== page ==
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Food ETF

Invest for a more sustainable lifestyle

VanEck Sustainable Future of Food UCITS ETF

  • Invest in food’s multi-decade transition
  • Capitalize on the forthcoming evolution of food and agriculture via Food ETF
  • Sustainably designed to concentrate upon pure-play companies
  • Food ETF invests in companies with a focus on environment
  • Diversification across relevant companies in the space
  • SFDR Article 9

ETF Details

ETF Details

Basis-Ticker: VEGI
ISIN: IE0005B8WVT6copy-icon
TER: 0.45%
AUM: $6.9 M (as of 15-07-2024)
SFDR Classification: Article 9

Lower risk

Typically lower reward

Higher risk

Typically higher reward

Risk: You may lose money up to the total loss of your investment due to Emerging Markets Risk and Sector Concentration Risk as described in the Main Risk Factors, KID and prospectus.

Invest in the Future of Food with VanEck's Food ETF

The need to nourish a growing population yet reduce the environmental impact of agriculture looks set to transform food production. Scientists are inventing ways to produce more food with less. The VanEck Food ETF sustainably invests in the companies harnessing new technologies to feed the world.

Powerful Forces Driving Transformation

Without far-reaching changes in agriculture and food production, the world will not be able to halt its march towards environmental disaster. Already, the industry is a major greenhouse gas (GHG) emitter and does widespread harm to the environment in other ways besides. As the global population grows, powerful forces are beginning to transform food production.

Investing in Food’s Sustainable Innovators

Through selecting the companies with high focus on the food sector, the Food ETF aims to generate returns for investors. Such is the nature of food’s transformation that it also brings clear environmental, social and governance (ESG) benefits.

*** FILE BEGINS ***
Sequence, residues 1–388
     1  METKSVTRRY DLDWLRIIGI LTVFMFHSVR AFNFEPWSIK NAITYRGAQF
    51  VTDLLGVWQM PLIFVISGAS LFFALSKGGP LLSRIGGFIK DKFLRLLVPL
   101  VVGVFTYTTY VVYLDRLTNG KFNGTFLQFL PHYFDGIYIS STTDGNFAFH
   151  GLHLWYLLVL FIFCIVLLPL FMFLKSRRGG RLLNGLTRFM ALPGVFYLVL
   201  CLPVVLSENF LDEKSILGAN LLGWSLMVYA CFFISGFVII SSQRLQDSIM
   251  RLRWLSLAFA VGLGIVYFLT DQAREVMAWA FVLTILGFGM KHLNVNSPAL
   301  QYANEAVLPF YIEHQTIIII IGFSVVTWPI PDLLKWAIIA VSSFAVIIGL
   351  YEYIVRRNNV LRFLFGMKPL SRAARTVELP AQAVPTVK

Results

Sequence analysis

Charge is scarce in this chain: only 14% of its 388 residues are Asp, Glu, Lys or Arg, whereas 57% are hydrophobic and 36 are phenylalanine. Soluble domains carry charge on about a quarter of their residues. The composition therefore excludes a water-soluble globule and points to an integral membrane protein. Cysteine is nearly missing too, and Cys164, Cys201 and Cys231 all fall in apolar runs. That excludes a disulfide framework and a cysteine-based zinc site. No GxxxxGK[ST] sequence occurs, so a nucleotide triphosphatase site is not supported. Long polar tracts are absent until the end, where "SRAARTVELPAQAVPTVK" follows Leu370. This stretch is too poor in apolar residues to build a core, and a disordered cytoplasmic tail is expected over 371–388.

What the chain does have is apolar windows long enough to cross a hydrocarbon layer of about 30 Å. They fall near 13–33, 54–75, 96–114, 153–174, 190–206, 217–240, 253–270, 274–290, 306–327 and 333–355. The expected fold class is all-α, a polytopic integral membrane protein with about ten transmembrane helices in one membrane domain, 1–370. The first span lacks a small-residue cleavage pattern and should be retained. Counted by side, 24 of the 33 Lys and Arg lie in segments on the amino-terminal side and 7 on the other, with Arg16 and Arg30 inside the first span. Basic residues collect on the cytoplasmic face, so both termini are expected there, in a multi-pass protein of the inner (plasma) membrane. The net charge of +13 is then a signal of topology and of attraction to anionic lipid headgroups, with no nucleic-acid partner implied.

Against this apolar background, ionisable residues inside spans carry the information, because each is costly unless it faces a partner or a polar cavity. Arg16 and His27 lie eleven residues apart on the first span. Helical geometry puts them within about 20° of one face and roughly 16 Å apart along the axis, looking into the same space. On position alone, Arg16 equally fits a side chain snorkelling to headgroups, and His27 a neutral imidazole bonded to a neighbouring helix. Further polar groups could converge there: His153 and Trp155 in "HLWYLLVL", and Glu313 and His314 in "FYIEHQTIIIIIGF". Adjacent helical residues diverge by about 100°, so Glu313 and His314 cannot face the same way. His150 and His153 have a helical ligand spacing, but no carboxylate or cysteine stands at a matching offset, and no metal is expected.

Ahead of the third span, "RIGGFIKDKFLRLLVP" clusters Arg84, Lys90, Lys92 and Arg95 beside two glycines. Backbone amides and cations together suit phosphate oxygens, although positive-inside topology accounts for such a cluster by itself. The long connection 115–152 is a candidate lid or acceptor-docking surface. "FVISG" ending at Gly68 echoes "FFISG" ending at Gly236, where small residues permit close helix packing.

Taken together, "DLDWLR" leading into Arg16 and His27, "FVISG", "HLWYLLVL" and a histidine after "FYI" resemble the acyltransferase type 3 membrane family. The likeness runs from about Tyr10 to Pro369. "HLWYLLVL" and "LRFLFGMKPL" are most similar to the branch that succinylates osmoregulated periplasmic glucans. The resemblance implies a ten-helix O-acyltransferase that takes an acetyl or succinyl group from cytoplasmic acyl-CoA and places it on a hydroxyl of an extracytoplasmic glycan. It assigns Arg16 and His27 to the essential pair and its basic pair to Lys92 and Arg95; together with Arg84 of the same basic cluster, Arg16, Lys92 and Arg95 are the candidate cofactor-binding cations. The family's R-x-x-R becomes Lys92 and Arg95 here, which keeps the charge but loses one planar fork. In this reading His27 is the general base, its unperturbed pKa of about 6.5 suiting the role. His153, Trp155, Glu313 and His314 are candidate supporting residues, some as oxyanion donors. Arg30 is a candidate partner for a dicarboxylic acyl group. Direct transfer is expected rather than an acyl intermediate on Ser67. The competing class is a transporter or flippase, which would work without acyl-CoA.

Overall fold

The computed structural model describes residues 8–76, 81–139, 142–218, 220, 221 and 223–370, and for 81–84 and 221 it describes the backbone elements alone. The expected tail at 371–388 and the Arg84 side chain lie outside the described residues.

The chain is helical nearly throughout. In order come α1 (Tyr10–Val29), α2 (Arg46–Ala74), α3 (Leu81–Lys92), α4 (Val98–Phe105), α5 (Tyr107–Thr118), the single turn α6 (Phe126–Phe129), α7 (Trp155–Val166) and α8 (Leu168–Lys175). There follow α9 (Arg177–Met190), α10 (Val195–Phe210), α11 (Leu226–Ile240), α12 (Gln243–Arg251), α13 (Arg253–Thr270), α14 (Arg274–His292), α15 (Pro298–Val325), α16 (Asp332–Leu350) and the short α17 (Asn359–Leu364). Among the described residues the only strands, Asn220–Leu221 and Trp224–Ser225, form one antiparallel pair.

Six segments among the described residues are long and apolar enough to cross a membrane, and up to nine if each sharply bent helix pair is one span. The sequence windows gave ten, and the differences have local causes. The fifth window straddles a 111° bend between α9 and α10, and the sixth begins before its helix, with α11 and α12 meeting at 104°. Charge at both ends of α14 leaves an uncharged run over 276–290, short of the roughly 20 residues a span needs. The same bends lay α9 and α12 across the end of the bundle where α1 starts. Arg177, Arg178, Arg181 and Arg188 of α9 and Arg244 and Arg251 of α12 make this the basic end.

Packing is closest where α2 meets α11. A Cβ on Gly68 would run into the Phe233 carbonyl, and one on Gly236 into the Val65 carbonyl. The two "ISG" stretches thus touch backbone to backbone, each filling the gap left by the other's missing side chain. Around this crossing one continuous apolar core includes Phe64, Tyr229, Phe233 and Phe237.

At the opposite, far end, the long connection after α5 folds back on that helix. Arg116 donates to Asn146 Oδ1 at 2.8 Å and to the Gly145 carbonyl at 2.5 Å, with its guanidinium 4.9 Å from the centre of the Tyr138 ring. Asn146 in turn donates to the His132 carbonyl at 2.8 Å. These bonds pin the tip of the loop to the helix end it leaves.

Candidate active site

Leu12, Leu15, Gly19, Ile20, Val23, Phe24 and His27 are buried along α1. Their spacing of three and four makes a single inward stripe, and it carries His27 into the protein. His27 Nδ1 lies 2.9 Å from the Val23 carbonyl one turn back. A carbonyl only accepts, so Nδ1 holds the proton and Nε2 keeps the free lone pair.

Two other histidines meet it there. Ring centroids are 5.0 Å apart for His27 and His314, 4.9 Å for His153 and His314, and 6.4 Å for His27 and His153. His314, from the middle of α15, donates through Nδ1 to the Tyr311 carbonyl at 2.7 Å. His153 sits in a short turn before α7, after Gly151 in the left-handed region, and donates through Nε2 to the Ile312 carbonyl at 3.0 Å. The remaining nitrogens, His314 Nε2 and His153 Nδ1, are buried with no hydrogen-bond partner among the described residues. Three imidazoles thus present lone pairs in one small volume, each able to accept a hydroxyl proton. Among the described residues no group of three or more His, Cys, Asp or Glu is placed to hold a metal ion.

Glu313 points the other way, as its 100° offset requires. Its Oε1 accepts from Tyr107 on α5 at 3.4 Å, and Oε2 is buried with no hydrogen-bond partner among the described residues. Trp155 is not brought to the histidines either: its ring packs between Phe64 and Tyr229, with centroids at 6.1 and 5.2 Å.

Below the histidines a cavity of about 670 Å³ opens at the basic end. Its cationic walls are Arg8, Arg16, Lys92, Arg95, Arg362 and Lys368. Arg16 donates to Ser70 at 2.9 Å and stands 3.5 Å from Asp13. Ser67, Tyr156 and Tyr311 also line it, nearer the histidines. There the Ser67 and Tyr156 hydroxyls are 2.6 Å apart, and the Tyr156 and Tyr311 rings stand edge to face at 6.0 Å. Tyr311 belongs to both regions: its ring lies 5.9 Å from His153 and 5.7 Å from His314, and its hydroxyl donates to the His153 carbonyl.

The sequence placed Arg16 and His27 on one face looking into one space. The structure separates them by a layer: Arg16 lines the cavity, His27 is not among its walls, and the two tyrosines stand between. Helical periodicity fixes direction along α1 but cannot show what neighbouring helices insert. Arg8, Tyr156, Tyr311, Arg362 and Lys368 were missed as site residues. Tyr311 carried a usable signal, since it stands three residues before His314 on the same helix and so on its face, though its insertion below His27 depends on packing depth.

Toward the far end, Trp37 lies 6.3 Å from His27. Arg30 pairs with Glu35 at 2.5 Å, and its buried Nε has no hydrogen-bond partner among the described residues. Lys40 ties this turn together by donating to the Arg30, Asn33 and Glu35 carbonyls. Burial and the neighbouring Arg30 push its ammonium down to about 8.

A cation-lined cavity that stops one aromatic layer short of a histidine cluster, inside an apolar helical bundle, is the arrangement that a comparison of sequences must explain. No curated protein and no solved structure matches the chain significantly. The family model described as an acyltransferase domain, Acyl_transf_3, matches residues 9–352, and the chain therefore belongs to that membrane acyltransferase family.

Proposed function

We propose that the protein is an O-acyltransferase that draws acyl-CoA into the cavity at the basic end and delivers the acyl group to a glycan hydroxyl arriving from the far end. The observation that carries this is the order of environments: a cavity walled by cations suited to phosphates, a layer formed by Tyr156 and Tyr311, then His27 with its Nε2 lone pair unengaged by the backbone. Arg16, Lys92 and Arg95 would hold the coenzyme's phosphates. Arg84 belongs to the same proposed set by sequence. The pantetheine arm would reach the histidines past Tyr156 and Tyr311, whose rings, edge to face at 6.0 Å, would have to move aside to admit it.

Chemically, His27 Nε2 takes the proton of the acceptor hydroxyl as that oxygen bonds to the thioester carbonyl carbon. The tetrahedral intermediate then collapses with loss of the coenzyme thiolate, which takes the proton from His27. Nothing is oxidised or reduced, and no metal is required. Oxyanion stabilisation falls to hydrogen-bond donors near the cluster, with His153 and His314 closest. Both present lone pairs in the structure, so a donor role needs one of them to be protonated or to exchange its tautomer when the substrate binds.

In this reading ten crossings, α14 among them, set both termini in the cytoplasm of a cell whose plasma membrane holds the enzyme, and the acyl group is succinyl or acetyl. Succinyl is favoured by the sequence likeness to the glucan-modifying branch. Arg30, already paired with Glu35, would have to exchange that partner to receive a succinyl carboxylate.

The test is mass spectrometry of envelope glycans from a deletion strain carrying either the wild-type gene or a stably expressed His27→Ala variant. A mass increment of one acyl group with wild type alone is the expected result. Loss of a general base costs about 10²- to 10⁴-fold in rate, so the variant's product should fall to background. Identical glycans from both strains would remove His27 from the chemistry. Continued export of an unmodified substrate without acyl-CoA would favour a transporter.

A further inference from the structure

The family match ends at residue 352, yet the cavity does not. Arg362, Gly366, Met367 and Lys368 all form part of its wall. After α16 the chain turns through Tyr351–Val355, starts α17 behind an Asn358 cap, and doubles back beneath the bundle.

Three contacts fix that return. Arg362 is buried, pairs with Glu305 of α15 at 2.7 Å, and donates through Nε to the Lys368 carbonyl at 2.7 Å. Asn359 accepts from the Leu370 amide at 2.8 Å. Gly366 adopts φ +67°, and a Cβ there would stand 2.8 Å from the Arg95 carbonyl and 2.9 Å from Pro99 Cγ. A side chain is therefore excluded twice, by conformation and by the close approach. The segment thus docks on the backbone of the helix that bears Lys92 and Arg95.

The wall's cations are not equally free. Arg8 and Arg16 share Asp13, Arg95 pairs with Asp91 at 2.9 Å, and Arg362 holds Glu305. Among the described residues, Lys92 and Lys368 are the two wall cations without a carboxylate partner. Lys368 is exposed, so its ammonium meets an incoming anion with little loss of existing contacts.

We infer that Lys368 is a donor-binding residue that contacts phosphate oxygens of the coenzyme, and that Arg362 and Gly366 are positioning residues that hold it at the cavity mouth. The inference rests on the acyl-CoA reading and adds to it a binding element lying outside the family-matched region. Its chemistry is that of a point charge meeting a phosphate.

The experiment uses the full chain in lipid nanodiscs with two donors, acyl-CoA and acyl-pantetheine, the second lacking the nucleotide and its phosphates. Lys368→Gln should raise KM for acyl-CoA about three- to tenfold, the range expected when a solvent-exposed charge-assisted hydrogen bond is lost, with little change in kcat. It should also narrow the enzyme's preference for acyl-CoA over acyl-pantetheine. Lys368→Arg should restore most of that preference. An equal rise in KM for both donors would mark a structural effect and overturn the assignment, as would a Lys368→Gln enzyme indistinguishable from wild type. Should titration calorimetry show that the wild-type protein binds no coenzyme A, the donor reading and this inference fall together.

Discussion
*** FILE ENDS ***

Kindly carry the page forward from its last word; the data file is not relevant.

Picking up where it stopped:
Technology is the key to reducing agriculture’s environmental damage. Plant-based meat cuts emissions by 90%, consumes 46% less energy, as well as using 99% less land and water than cattle.2The topic of food in the future is thus becoming increasingly relevant in today's world and is at the heart of the Food ETF by VanEck. 

Greenhouse Gas Emissions of Select Agricultural Products

Greenhouse gasses emitted by various products

Meat products having the highest greenhouse gas emissions

2 Source:, Poor & Nemecek. Analysis as of 2018, using 2010 data.

Traditional agriculture’s land requirements are too great to be sustainable in future. The solution? Automation, sophisticated data and efficient farming practices.

Infrared Sensors on Drones Can Indicate Problem Areas

Automation revolution agriculture

Source: Purdue University

Nitrogen fertilizer requires fossil fuels to produce, while other agricultural chemicals may be carcinogenic. The answer? Fertilizers produced using green hydrogen and renewable energy, twinned with biological crop protection. The VanEck Food ETF enables to invest in these innovative methods.

Nitrogen Fertilizer Consumption

Nitrogen fertilizer using across countries

Source: FAO, Through 2014 based on latest available data.

Food ETF Monitors Environmental Impacts

The strategy has an in-built preference towards companies that measure, monitor and report their environmental impact.

Main Risk Factors of a Food ETF


Because all or a portion of the Fund are being invested in securities denominated in foreign currencies, the Fund’s exposure to foreign currencies and changes in the value of foreign currencies versus the base currency may result in reduced returns for the Fund, and the value of certain foreign currencies may be subject to a high degree of fluctuation. That is a factor to consider when investing in a Food ETF.


The ETF’s assets may be concentrated in one or more particular sectors or industries. The Fund may be subject to the risk that economic, political or other conditions that have a negative effect on the relevant sectors or industries will negatively impact the Fund's performance to a greater extent than if the Fund’s assets were invested in a wider variety of sectors or industries. 


The securities of smaller companies may be more volatile and less liquid than the securities of large companies. Smaller companies, when compared with larger companies, may have a shorter history of operations, fewer financial resources, less competitive strength, may have a less diversified product line, may be more susceptible to market pressure and may have a smaller market for their securities. This is an additional factor to consider when investing in a Food ETF.

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